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Hossein Mahrammi, his wife, Razia Mahrami, and their four sons came from Kabul to the U.S. on a Special Immigrant Visa or SIV in March 2017. Marisa Peñaloza hide caption

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Marisa Peñaloza

María Lara sits in her bedroom in the Bedford and Victoria Station apartment complex in Langley Park, Md., a densely populated, low-income suburb of Washington, D.C. Ian Morton/NPR hide caption

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Ian Morton/NPR

Joy Banner at the Fee-Fo-Lay Cafe in Wallace, La., on Juneteenth. Her community is mobilizing to fight the grain silo complex that could be built on their fence line. John Burnett/NPR hide caption

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John Burnett/NPR

Descendants Of Slaves Say This Proposed Grain Complex Will Destroy The Community

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Buildings were destroyed in a massive fire during the Tulsa Race Massacre when a white mob attacked the Greenwood neighborhood, a prosperous Black community in Tulsa, Okla., in 1921. Eyewitnesses recalled the specter of men carrying torches through the streets to set fire to homes and businesses. Library of Congress hide caption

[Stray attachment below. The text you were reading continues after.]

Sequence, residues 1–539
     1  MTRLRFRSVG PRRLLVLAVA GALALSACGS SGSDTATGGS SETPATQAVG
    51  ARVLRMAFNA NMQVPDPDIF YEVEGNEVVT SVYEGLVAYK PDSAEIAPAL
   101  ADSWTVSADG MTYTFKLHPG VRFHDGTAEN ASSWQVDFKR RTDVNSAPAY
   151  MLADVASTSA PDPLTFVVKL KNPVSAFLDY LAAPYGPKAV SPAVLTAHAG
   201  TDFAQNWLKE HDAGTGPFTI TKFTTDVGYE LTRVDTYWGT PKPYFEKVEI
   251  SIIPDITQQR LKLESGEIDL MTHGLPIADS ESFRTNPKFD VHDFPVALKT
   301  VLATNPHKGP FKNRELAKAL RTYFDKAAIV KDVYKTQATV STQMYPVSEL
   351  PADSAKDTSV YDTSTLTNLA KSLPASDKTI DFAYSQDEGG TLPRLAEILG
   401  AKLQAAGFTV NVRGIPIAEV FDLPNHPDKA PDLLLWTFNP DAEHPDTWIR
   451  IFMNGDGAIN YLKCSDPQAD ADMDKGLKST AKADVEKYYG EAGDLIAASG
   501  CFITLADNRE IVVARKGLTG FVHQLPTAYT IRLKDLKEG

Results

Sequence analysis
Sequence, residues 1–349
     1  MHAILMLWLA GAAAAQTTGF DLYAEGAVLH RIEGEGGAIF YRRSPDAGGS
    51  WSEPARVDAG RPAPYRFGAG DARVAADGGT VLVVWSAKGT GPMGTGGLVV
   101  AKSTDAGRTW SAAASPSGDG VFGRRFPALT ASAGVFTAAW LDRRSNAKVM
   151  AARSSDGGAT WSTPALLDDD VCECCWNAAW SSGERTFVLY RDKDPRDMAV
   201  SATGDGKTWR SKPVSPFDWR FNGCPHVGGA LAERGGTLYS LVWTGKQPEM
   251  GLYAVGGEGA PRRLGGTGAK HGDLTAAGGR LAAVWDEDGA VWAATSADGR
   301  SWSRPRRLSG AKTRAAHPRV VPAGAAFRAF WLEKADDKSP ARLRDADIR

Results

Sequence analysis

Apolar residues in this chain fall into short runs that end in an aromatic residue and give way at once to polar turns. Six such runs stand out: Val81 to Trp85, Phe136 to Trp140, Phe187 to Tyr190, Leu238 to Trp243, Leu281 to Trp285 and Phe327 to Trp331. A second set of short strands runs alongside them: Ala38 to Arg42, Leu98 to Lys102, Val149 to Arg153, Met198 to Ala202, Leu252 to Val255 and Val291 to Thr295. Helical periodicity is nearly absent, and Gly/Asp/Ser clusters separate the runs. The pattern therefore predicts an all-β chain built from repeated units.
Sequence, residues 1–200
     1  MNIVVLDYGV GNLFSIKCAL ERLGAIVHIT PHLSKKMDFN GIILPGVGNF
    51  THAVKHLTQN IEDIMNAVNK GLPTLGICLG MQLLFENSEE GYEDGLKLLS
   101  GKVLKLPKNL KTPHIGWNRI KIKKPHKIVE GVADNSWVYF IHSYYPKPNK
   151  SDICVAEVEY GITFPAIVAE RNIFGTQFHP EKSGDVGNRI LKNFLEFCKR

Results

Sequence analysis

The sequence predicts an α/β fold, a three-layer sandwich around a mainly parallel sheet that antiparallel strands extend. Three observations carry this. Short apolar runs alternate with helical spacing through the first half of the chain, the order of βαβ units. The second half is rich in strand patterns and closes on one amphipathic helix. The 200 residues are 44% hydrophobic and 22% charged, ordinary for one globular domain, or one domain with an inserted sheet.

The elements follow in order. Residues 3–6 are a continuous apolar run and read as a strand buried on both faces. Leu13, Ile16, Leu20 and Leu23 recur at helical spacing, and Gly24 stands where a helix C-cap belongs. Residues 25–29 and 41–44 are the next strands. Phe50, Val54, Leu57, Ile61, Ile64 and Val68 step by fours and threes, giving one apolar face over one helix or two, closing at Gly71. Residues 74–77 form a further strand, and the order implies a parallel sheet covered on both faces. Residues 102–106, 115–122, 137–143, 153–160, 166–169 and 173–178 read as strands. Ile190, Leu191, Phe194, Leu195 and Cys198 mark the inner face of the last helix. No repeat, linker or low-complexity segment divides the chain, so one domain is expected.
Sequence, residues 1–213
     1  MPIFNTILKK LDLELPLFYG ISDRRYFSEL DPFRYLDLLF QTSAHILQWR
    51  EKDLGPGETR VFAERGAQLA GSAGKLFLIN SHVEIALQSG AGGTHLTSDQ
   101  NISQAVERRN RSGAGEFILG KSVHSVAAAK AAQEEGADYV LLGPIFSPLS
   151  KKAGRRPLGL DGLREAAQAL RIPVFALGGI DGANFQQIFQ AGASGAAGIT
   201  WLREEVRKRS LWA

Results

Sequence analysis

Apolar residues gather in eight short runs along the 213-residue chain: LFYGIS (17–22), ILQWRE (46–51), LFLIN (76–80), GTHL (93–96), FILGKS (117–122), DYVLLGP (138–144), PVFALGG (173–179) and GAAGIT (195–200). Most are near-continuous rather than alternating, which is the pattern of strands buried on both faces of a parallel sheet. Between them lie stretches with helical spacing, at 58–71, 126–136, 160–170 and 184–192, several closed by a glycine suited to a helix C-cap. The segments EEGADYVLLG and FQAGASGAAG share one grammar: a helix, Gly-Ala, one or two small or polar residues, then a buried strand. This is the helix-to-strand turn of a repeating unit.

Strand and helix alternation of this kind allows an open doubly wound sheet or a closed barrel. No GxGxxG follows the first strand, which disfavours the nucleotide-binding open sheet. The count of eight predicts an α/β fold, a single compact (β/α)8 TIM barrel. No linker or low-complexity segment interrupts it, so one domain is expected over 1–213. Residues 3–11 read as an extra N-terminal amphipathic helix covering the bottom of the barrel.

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Library of Congress

A Century After The Race Massacre, Tulsa Confronts Its Bloody Past

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Britain's Prime Minister Boris Johnson, pictured Friday, celebrated his party's victory in a local election. Johnson's Conservatives fared well in local and regional elections. Oli Scarff/AFP via Getty Images hide caption

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Oli Scarff/AFP via Getty Images